It’s easy for me to accept someone who is like me, and thinks the same way as I do. It’s easy for me to accept someone with the same musical taste as me, the same sense of humour and the same style of parenting.
It’s hard to accept someone different to me, and hard to accept that God has called them to be part of his family.
So what can I do? How can I genuinely accept my brothers and sisters? After all, ‘Love must be sincere’. Love must not be fake.
When I first arrived at our London church and began getting to know the very cross-cultural church family, there were a lot of differences. Dress sense. Hair styles (I mean, who sticks their hair in a bun on top of their head?). Hospitality customs. Musical taste. Parenting. Accent (shudder). Although these differences could have made it hard to sincerely love the church family, I tried not to focus on what was hard to accept. Instead I wondered, what has God found acceptable about them?
The answer was simply Jesus.
God accepted them because of their repentance and faith in Jesus. That was all he wanted to find in them, and he found it.
On reflection, what has God found acceptable about me? Exactly the same: Jesus.
Incidentally, it was the only thing he found acceptable about me.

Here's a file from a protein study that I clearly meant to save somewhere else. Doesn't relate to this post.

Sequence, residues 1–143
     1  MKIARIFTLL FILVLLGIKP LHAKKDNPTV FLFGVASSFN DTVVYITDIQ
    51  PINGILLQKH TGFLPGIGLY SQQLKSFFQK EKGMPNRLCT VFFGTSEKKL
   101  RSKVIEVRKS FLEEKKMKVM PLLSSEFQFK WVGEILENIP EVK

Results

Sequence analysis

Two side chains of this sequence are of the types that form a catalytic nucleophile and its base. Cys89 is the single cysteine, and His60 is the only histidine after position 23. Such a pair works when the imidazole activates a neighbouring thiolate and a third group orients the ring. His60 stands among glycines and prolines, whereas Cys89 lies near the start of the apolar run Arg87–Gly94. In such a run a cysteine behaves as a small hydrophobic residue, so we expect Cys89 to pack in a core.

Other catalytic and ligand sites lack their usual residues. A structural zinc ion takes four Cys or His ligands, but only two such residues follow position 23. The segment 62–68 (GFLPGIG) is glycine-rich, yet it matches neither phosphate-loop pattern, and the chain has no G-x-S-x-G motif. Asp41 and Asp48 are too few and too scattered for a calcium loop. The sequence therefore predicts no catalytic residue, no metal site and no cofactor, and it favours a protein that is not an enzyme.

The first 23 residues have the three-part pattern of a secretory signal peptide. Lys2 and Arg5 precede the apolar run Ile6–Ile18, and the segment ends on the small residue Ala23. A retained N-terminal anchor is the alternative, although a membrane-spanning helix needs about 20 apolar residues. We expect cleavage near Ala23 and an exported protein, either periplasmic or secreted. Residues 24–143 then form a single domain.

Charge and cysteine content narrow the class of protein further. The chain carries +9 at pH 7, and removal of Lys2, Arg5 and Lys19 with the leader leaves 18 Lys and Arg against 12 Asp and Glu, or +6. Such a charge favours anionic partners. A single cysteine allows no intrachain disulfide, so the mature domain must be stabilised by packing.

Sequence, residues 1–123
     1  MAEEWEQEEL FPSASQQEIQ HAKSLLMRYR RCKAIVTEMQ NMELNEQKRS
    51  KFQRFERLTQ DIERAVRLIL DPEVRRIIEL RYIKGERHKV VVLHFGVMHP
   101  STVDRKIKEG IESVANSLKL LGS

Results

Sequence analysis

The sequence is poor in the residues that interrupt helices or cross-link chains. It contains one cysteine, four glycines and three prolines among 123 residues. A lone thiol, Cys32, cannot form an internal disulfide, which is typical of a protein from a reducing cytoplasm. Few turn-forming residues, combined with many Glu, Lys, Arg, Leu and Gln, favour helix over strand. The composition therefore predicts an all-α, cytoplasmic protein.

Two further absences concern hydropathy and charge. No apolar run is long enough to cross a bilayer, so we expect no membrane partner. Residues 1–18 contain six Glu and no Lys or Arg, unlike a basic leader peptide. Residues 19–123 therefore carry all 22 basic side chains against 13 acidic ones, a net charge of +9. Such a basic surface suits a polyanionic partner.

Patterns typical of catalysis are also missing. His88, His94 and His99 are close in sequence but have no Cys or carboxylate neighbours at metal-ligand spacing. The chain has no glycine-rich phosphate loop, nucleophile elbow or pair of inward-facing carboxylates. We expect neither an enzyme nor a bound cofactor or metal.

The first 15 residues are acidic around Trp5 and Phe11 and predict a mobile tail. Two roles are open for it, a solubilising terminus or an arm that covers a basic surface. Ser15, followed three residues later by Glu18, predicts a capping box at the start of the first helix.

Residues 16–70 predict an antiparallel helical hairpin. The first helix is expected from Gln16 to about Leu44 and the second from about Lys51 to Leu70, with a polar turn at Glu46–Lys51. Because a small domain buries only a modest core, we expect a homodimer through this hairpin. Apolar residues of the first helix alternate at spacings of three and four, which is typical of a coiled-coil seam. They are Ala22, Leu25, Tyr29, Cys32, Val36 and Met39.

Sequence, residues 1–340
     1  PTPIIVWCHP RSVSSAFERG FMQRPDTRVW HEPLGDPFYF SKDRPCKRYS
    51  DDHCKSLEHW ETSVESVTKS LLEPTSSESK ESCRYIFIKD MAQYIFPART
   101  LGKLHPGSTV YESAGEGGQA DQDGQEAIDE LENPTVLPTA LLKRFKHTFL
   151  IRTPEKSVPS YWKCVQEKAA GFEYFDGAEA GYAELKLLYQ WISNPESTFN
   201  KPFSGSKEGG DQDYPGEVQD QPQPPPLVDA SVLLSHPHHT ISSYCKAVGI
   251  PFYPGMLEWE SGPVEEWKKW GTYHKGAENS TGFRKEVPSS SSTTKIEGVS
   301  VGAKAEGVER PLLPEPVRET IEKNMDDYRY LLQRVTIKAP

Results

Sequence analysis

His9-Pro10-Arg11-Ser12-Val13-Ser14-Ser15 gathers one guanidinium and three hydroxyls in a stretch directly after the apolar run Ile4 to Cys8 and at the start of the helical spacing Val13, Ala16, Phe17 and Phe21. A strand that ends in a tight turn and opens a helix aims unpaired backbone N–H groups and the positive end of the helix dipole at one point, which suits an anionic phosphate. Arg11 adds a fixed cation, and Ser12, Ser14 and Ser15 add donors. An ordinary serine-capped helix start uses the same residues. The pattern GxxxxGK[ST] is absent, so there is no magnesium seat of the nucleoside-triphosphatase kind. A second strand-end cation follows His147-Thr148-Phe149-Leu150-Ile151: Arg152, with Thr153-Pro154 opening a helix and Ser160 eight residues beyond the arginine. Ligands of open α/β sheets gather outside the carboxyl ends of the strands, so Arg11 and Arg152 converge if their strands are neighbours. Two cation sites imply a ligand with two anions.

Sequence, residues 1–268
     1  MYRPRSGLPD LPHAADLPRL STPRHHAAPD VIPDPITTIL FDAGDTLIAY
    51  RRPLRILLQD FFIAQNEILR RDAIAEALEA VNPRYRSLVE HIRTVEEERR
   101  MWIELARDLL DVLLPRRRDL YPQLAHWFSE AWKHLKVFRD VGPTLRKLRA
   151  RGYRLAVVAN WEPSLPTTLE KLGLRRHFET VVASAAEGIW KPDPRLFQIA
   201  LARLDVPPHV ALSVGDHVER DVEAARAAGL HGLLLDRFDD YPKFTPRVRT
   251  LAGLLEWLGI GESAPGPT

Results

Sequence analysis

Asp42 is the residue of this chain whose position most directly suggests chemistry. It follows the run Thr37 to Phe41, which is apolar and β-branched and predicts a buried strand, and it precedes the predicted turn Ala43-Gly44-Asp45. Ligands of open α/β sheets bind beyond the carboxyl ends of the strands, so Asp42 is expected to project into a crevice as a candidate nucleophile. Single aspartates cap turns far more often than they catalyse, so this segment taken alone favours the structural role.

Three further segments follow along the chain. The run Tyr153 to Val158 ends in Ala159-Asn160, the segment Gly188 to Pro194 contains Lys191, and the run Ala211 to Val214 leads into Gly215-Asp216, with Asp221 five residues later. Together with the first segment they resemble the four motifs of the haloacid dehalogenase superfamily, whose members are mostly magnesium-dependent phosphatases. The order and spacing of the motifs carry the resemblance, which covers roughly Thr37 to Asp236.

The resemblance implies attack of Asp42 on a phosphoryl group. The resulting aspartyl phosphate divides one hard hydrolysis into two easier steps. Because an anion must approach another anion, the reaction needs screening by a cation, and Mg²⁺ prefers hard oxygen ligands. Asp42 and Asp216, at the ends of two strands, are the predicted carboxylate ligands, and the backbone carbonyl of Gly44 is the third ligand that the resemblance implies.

When it comes to sincere love for others, I need to review my standards for accepting other Christians; I can’t set my standards for acceptance higher than God’s standards! What am I looking for to accept others? I am looking to see Jesus shining through them.
As soon as I see Jesus – his love, grace and Holy Spirit at work – I know I have common ground with this believer. It helps me to love them, knowing we both have the same goal, same hope, same Lord. It certainly helped me a lot in our London church when, rather than being frustrated when they weren’t becoming more like me and my preferences, I began to accept that other Christians are becoming more like Jesus.
Together, as a church family, we started displaying the family traits of compassion toward each other, the same ‘eyes’ of faith, prayerfulness, and the same humility that our big brother Jesus showed. When we accept each other on those terms, with the Gospel at the centre, love truly can be sincere, despite our differences.